Emil Hradecký: Two-Part Piano Miniatures

Products featured here are selected for review by ANDREW EALES

The Czech composer and teacher Emil Hradecký (b. 1953) has devoted much of his creative output to children and the piano. His pieces are frequently inspired by dance music and jazz, and are distinguished by their fresh melodies and distinctive rhythms.

Several of his collections are published here in the UK by Bärenreiter, including his Little Jazz Album for PianoJazz Etudes for Young Pianists and the duet collection Jazzy Pieces for 20 Fingers.

His latest collection is called Two-Part Piano Miniatures on One Page…

The Publication

As one would expect from Bärenreiter, Two-part Piano Miniatures on One Page is a beautifully produced book. The gorgeous cover conceals a 20 page interior, printed on cream paper.


After the title page and contents, it’s straight to the music. Each piece, as advertised, takes up just one page, and most are accompanied by small, black and white illustrations by Andrea Tachezy – these are often quirky and humorous, giving the book genuine visual appeal, and will undoubtedly be enjoyed by children.

The music engraving is excellent, well-spaced, and ample fingering is provided throughout. I occasionally found myself questioning the suggested fingerings, but was pleased to see that often when musical passages are repeated, so too is the fingering, especially towards the start of the book.

This is unusual, and most welcome – too often, it is assumed that suggesting fingering for a passage once is sufficient; in reality, players often value having the fingering repeated throughout, especially if using the material for quick study, or when playing at sight.

Kudos to Bärenreiter for getting this right!

The Pieces

According to the publishers,

This seems to be a very fair description of the music, and illustrates the variety that is also on offer here.

All the pieces are written with a Two-Part texture, a single line in each hand, often based around scale patterns which thus consolidate an important stage in the child’s technical development. The absence of chords is a real bonus for the child with smaller hands, too, while the composer’s self-imposed limitation facilitates fluent music reading.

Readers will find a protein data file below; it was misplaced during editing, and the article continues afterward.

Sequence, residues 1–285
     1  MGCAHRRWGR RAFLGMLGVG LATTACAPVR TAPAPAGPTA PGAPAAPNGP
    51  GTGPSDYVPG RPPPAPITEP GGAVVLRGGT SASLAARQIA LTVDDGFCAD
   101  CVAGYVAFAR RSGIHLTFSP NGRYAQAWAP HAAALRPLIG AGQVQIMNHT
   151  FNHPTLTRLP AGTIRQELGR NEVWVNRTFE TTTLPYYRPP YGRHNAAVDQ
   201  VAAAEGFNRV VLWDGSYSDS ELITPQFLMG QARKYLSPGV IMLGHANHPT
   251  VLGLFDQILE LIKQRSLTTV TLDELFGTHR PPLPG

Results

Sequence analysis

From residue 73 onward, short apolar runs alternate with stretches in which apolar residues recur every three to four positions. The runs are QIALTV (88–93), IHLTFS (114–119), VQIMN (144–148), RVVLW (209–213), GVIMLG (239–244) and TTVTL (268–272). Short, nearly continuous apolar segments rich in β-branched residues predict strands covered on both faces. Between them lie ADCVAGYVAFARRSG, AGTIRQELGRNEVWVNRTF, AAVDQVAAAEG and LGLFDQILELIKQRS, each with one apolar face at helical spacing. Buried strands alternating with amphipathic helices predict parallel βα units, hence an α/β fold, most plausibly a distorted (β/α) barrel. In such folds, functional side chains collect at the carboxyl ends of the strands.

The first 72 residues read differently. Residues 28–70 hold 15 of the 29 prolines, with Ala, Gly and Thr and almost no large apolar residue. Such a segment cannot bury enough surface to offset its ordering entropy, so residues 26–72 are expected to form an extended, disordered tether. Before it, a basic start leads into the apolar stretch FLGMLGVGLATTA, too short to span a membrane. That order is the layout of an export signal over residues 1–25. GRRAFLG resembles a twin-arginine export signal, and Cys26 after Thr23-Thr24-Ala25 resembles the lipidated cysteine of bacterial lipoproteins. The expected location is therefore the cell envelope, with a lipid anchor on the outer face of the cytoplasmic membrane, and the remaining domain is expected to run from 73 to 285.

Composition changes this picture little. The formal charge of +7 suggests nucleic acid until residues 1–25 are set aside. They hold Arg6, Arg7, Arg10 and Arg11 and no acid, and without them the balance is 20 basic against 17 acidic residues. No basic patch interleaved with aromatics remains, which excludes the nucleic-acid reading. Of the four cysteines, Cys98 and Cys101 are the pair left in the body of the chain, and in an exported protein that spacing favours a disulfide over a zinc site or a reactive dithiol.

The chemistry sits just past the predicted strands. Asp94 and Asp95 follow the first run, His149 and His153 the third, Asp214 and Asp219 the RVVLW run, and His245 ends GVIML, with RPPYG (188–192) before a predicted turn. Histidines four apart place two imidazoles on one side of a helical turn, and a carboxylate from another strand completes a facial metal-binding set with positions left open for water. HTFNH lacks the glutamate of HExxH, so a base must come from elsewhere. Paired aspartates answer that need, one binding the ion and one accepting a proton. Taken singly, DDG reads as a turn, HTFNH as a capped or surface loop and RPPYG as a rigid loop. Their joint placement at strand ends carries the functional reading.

In terms of the musical style, several of the pieces can be described as traditional in their approach, reminiscent of the great pedagogic pieces of previous generations. The Menuet which begins to book for example (and is available as a sample page from the publisher, used here with permission) uses typical Baroque tropes and figurations which would not be out-of-place in Bach’s famous Anna Magdalena Notebook:


Other early pieces in the collection similarly recall the past – Dialogue and On the Swing would be right at home beside Kabalevsky and other early twentieth-century educational composers, while Polka (perhaps too closely?) resembles the first Children at Play from Bartók’s For Children.

As the book progresses, so does the difficulty of the pieces. In the Desert and The Sad Doll require careful legato pedalling, and the second half of the book is dominated by pieces in more contemporary styles. These are always spot-on in their observation of dance rhythms – I particularly enjoyed the Waltz from earlier in the book, and the Tango and Blues from the later pages.

Several of the pieces are remarkable in their imagination, particularly A Little Rain and Mist – both of which solely use the whole-tone scale, and to excellent effect. Meanwhile, In China is a pentatonic piece wholly played on the black keys, while The Bear stays in the lower register, with both hands playing bass clef notes throughout.

While some pieces seemed to me unexceptional, there are some real gems here. These more than justify the modest asking price of the book, and it would be great to see a couple of these pieces appearing in other collections and perhaps a future exam syllabus.

Another generous sample from the publishers, The Sad Doll, is one of my favourites:



In the last few years there has been a glut of new contemporary pedagogic music for players in the earlier stages, and given the variety now available it can be hard to make recommendations.

Two-Part Piano Miniatures on One Page stands out for its pedagogic integrity, gorgeous presentation, and for the best of the pieces included.

Though officially for “beginners”, to my mind this publication would make an ideal collection for consolidating just after Grade 1. I’m going to be suggesting it to one of my own pupils at that level, and am optimistic that they will thoroughly enjoy both the music and the presentation of this book.

Two-Part Miniatures on One Page is thus an easy recommendation – and I hope educators will be quick to take a look for themselves!

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Published by

Andrew Eales

Andrew Eales is a widely respected piano educator, writer and composer based on Milton Keynes UK. His book HOW TO PRACTISE MUSIC is published by Hal Leonard.